Gunman Amedeo, 26, took in a film called “Duel in the Jungle” in the Calo theater, 5401 N. Clark, a few minutes before he lost his last gun duel. Charles Scherr, 31, the theater’s assistant manager, saw him there. “He stood for a few minutes at the candy counter, then lit a cigaret and left,” Scherr said. “I said good night to him and he nodded.” Then the hunted killer walked out of the lobby and headed for the fatal intersection.

GrandMogul
GrandMogul on January 30, 2007 at 7:17 am

News Item:


Chicago Daily News, Friday, October 22, 1954, p. 32, c. 3:

CALO THEATER REOPENS WITH DOUBLE FEATURE
The Calo theater, 5404 N. Clark, was reopened Friday, following a two-year absence from the ranks of neighborhood theaters.

The Calo, popular for 40 years, served as a foreign film house for a short period following its closing.

“Dragnet,” starring Jack Webb, and “Gypsy Colt” have been co-featured for the opening bill. The theater is planning to install a Cinema-Scope screen shortly.

Broan
Broan on September 8, 2006 at 10:26 am

Here are a couple recent shots of the theater.

Life's Too Short
Life's Too Short on July 29, 2006 at 9:15 am

I have passed this place probably fifty times over the years. I couldn’t resist stopping to take a look today on my way down Clark St. Most everything is still there. If someone had good reason, this could certainly become a great theatrical space again.

Life's Too Short
Life's Too Short on March 29, 2006 at 1:02 pm

I sometimes drive through there. Is it open normal business hours Brian?

Broan
Broan on February 23, 2006 at 11:48 am

I checked out the Resale Store today, it seems to have just opened. It looks like any renovations that had made it a smaller theater, or bowling lanes, or any of that have been removed and the auditorium is fully open. It’s very interesting. Much of the plaster and tropical murals are badly damaged, but it’s pretty neat and something you don’t see often. I definitely reccomend checking this out for any Chicago theater fans.

Broan
Broan on February 21, 2006 at 5:59 pm

Oddly it’s now open as the Brown Elephant Resale Store. I guess the theater thing fell through? When I made my post last month, a tile entry had been laid that read “Brown Elephant”. I was wondering what that was.

Broan
Broan on January 21, 2006 at 3:51 pm

It looks like the project is coming along very nicely and tastefully. Can’t wait to see inside.

voley
voley on December 17, 2005 at 5:53 am

To: Ralph Machonga,
Would you know if Robbie Robinson was still alive or where I might contact him? My father, Ed Vollenweider, bowled with and was good friends with Robbie in the 50’s and 60’s. I can remember visiting Robbie and his wife, Jane, at their home in Chicago and also bowling at their bowling alley (the Calo) in the 60’s. We moved to Michigan in 1965 and we lost contact with Robbie and Jane. My father’s 85th birthday is in January and I thought it might be nice to get a note from Robbie. Bill Vollenweider

Broan
Broan on December 14, 2005 at 3:32 pm

The Chicago Historic Resources survey lists George H. Borst as the architect. Anyone hear anything more on the renovation project?

Floodstrand
Floodstrand on August 22, 2005 at 3:27 pm

My wife and I and our 2 dogs, and 1 snake lived in the Calo Theatre from 1991-02. We had the other side of the theatre, the side where the screen used to be. The main room had a 50 ft cieling. There were beautiful sconces about half way up the room at about25 ft. The sconces were of neo-grecian style women in robes. I loved it there. Also behind some of the wall were hand painted scenes of tropical locations with palm trees and such. We used to have great after hours parties there. I ran a mobile night club around Chicago in the 80’s and 90’s called The Phantom Club. The Calo Theatre was one of the last locations. It was a great location because you had to go to the alley behind the Griffin to get in. What a wonderful building.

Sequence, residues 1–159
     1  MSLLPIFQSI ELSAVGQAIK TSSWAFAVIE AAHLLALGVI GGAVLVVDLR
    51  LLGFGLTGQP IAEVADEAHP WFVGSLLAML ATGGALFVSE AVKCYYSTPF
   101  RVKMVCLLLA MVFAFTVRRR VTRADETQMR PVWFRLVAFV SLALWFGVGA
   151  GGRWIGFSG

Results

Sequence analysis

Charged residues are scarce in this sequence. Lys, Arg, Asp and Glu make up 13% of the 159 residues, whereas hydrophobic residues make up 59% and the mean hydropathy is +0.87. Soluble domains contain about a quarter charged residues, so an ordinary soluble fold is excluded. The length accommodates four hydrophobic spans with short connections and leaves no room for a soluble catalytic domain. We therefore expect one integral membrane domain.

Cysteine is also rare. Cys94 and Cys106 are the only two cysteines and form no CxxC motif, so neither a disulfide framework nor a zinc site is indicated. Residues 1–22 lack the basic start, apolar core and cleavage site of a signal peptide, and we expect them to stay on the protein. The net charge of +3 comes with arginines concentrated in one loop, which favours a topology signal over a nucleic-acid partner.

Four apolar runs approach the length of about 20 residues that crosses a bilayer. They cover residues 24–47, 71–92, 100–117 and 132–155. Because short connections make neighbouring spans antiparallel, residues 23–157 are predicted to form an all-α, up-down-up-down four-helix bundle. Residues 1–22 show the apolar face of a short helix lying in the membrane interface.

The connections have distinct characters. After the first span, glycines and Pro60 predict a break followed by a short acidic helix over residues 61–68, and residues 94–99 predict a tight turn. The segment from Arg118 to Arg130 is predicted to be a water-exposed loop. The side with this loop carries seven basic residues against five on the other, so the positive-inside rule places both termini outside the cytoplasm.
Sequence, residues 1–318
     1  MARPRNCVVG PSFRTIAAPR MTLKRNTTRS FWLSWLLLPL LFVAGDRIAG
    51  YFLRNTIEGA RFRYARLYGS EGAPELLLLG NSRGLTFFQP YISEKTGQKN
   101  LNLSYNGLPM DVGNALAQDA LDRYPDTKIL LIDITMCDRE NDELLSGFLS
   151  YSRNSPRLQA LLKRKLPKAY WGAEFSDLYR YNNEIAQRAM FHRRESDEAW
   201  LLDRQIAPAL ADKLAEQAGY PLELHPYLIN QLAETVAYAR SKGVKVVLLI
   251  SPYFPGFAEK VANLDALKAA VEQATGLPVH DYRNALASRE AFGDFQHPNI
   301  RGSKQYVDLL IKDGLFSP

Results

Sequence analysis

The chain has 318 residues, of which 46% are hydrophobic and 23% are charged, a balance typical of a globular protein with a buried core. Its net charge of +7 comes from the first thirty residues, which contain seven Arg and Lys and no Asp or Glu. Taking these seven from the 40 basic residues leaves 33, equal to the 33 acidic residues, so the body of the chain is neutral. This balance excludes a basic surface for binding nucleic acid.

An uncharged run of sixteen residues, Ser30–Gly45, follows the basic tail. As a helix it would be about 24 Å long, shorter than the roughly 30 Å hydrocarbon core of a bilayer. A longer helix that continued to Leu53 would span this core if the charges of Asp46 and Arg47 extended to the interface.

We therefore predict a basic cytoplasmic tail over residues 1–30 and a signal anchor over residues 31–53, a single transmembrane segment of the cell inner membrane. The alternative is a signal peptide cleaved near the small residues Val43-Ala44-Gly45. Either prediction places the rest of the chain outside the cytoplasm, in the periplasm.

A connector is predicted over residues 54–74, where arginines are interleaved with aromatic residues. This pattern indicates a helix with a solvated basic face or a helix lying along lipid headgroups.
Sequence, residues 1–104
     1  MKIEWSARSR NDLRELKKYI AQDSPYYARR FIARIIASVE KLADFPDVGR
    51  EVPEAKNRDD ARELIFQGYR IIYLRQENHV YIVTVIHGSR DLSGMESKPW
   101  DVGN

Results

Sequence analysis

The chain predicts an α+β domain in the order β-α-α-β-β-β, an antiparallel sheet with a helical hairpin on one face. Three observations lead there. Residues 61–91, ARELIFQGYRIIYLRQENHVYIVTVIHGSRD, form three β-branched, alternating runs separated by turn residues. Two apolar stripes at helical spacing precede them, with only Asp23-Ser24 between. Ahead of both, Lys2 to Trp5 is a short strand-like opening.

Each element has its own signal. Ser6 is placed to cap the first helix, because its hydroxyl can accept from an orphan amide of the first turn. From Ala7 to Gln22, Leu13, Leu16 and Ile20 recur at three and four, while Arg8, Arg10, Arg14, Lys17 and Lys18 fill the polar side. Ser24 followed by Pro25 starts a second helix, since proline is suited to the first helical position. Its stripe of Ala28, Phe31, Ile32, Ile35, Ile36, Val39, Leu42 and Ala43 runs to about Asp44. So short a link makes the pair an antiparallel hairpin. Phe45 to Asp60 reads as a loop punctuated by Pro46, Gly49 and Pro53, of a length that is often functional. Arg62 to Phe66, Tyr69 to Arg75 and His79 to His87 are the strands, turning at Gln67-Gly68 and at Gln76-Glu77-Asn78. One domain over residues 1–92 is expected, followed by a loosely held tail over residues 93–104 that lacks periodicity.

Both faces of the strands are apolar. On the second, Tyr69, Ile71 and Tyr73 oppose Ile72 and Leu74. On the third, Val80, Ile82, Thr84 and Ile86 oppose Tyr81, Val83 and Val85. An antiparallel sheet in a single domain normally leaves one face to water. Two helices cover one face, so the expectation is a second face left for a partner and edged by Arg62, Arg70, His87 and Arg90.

rmachon
rmachon on April 20, 2005 at 12:22 pm

I have bowled there from 1967 to 1972. If I remember right, it was a ten lane house. Robby Robinson was the owner. His wife’s name was Jane. Robbie was also a pro bowler from the 50’s. As a mather of fact he taught me how to bowl. It was a great time back then. If you have any other questions feel free to contact me.

Ralph Machonga

KenC
KenC on January 12, 2005 at 9:34 pm

To Mary Anne: I’m guessing that bowling started about 1960, because in the mid to late ‘50s, the Calo was showing movies.I grew up in the Edgewater area- just east of you. My first visit to the Calo-about 1956-was the first time I saw “THE WIZARD OF OZ”. Not long after, a bunch of us kids went to the Calo for= I think- 12 Saturdays in a row. Why? We were hooked…A Superman serial (with Kirk Alyn?)about 15 minutes long each week, with a cliffhanger ending to keep us coming back. This, along with cartoons and a single feature, kept us entertained. But, I suspect the adults much preferred the theatres east of Clark st.-the Uptown, Riviera, Devon, and Granada. These theatres were bigger,more attractive and inviting than the Calo, which was rather ordinary,as I recall.So, I think the Calo closed for movies 1959-1960, coverted to a bowling alley early '60s through mid to late '70s. You’re right, Mary Anne, so much has changed. But one business is still there- Augie’s Restaurant on Clark near Balmoral- since 1954, according to Augie. To Bryan: Thanks for the photo of the Calo. Please keep them coming; they are much appreciated!

Maryanne
Maryanne on January 12, 2005 at 6:33 pm

Not sure…I remember bowling there in the mid to late 60’s when I was a teenager. I don’t recall the bowling being new, so it must have been there around 10 years before I starting bowling with my friends. There was a cigar store on the corner and Sip & Straw Ice Cream across the street. I remember it well!!